Part of my iRest® training is learning to recognise uncaused joy. An aspect of our true nature that is always here, and that is unrelated to circumstance. I practice this in my daily meditation by feeling into the felt sense of aliveness in my body and mind. The felt sense of being alive. I find it to be a gentle buzz or hum and an openness, a readiness for what is to come. A readiness for experience. It’s unrelated to good or bad. I have found that I can access uncaused joy by feeling the gratitude for being alive and simply having experiences, regardless of their quality. I’ve come to know this subtle feeling, and the more familiar it becomes the more I recognise that it’s always here, even in challenging times. I’m just bringing it more into the foreground.

(If you don’t feel this, don’t worry. That’s normal. It’s usually drowned out by busyness and distractions. It’s always there though, waiting for you to discover, first-hand, in your meditation/mindfulness practice – just saying).

Back to work

Recently, I’ve gone back to work. Well, not that teaching yoga and meditation isn’t work, but it hasn’t been great for paying the bills. So, I went back a couple of days a week to what I used to do, what used to pay me well – working in the administration of aged care in the community. I’m surprised by the extent to which this change in circumstance has affected my mood. It feels like a little cog that wasn’t moving, like a piece of a puzzle that was missing, is activated again, in place, and it has got the whole machine working more smoothly and made the whole picture make sense. I feel like I’m making a contribution to society. I’m a part of something bigger than myself. And, importantly, I have the great satisfaction of knowing that I’m earning enough to pay my way.

This has got me thinking about happiness and circumstance. I love that over the last decade I have been able to cultivate a sense of equanimity (being ok no matter the circumstances) that is truly accessible no matter what is going on. And, I am really recognising that this recent adjustment to my circumstances has made a real difference to my overall peace of mind and well-being.

Thinking in binaries

I am struck by the overwhelming tendency to think in binaries, it’s one or the other. This recent change is coaxing me out of my binary thinking to recognise the importance of both, i.e. an innate sense of peace and happiness, and the happiness that comes from circumstance. Of course both are important I say to myself. Duh!

However, I do think that our culture amplifies the importance of circumstance as the only source of happiness and this for the most part goes unquestioned.  It was a big, brave, audacious step for me to let the pendulum swing the other way and let myself be led by my inner compass rather than shoring up external circumstances.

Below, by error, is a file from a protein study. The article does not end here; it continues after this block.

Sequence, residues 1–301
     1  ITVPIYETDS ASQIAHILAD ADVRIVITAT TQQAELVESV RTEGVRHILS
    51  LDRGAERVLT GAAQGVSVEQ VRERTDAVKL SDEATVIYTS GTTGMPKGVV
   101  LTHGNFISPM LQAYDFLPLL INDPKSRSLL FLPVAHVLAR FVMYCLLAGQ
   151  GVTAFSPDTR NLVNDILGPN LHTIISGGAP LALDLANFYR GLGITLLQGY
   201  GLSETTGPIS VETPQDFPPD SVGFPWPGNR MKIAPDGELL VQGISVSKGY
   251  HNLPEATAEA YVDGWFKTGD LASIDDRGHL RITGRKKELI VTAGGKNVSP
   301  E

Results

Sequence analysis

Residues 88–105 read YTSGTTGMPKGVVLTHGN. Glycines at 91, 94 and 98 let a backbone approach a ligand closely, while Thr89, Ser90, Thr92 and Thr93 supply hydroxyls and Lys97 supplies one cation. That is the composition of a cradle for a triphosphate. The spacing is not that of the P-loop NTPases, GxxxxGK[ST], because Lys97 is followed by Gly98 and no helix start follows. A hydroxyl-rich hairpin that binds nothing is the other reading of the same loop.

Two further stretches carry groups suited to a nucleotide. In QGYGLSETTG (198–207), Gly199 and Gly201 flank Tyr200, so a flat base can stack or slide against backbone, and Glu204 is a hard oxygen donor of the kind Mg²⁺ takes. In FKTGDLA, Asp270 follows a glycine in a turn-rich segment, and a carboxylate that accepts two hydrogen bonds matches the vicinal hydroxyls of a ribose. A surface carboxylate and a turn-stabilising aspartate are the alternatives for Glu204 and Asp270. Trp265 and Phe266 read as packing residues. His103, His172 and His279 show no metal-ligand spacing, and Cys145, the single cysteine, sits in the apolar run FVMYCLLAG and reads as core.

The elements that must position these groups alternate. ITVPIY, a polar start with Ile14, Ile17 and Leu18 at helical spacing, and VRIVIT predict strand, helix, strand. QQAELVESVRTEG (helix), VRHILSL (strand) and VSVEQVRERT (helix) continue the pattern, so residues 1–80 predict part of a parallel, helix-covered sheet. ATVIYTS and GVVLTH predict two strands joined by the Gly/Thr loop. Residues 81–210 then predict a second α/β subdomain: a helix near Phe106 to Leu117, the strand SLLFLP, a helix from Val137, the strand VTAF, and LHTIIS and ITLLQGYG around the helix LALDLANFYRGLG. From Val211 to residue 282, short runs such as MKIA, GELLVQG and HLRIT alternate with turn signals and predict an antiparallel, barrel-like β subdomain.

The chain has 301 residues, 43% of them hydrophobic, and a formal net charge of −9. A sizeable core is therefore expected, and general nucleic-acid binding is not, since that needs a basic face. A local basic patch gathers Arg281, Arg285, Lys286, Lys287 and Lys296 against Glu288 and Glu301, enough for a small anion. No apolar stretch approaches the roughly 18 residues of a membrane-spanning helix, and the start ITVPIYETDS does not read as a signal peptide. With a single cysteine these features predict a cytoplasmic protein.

Uncaused happiness, it isn’t everything

I’m so glad that I’ve done that and that I’ve cultivated the ability to access uncaused happiness. That is a huge gift that I am extremely grateful for. And, as life tends to arrange, I now have the opportunity of coming to a more nuanced understanding of the importance of uncaused joy. It isn’t everything. The serenity prayer comes to mind:

God grant us the serenity to accept the things we cannot change, the courage to change the things we can, and the wisdom to know the difference.

I am grateful for this Biblical wisdom that has threaded its way through my life since my early twenties. ‘The wisdom to know the difference’, there it is. I can recognise when there are things that I can and should change that will be better for me and those around me.

Listen deeply

I have found that this requires the ability to let go of rigidly held concepts and ideals and really trust and listen deeply to my needs as they arise moment to moment. You see, at the time I left my corporate life I pretty much had the circumstances I wanted. And yet, I didn’t feel fulfilled or that I was aligned with my life’s purpose. I trusted my heart-felt desire to take the leap and leave a secure source of income and employment to pursue my dream, to follow my heart.

I’ve shared before that it hasn’t been easy and what I usually say is that I have no regrets but that I had no idea how hard it would be. I remember feeling quite betrayed and angry at God, the Universe (whatever pointer you want to use) for not rewarding me for taking the leap. What I have come to learn though, is that rewards can take many different forms that aren’t necessarily aligned with the notions of success or reward within the dominant culture.

Finding balance

Here I am, six years later, after many disappointments in trying to establish my business. After being told that I was wrong for wanting to make a living from teaching yoga and meditation. Finally, finding a balance. Tweaking the levers in this way has given me such a lift. It has taken pressure off having to make money from teaching what I love. I find that I’m enjoying the teaching so much more without that pressure.

How tightly I held to my ideal. Working for myself. Following my heart. Teaching what I love. Now, I still get to do that, and I get to use old skills, which feels like welcoming back disowned parts of myself. I feel less isolated. I am more a part of the working world. Most importantly at the moment, I have a sense of empowerment that I can pay my own way.

Amen, to the ‘wisdom to know the difference’.